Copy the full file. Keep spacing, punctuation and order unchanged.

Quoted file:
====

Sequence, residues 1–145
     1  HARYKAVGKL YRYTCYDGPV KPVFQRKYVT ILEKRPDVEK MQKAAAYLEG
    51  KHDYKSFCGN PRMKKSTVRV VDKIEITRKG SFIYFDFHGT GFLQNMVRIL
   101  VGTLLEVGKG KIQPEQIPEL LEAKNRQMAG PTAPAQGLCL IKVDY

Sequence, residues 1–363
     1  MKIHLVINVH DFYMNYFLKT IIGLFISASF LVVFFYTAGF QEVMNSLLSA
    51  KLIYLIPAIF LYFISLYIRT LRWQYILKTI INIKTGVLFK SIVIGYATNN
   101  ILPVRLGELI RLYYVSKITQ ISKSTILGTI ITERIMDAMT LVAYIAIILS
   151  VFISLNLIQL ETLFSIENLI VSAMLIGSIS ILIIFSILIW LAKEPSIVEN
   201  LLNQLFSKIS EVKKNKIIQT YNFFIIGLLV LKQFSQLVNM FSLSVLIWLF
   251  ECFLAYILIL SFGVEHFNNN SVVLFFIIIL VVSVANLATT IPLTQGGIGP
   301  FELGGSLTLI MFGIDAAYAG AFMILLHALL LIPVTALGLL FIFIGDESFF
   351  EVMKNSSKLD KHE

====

Sequence, residues 1–145
     1  HARYKAVGKL YRYTCYDGPV KPVFQRKYVT ILEKRPDVEK MQKAAAYLEG
    51  KHDYKSFCGN PRMKKSTVRV VDKIEITRKG SFIYFDFHGT GFLQNMVRIL
   101  VGTLLEVGKG KIQPEQIPEL LEAKNRQMAG PTAPAQGLCL IKVDY

Sequence, residues 1–363
     1  MKIHLVINVH DFYMNYFLKT IIGLFISASF LVVFFYTAGF QEVMNSLLSA
    51  KLIYLIPAIF LYFISLYIRT LRWQYILKTI INIKTGVLFK SIVIGYATNN
   101  ILPVRLGELI RLYYVSKITQ ISKSTILGTI ITERIMDAMT LVAYIAIILS
   151  VFISLNLIQL ETLFSIENLI VSAMLIGSIS ILIIFSILIW LAKEPSIVEN
   201  LLNQLFSKIS EVKKNKIIQT YNFFIIGLLV LKQFSQLVNM FSLSVLIWLF
   251  ECFLAYILIL SFGVEHFNNN SVVLFFIIIL VVSVANLATT IPLTQGGIGP
   301  FELGGSLTLI MFGIDAAYAG AFMILLHALL LIPVTALGLL FIFIGDESFF
   351  EVMKNSSKLD KHE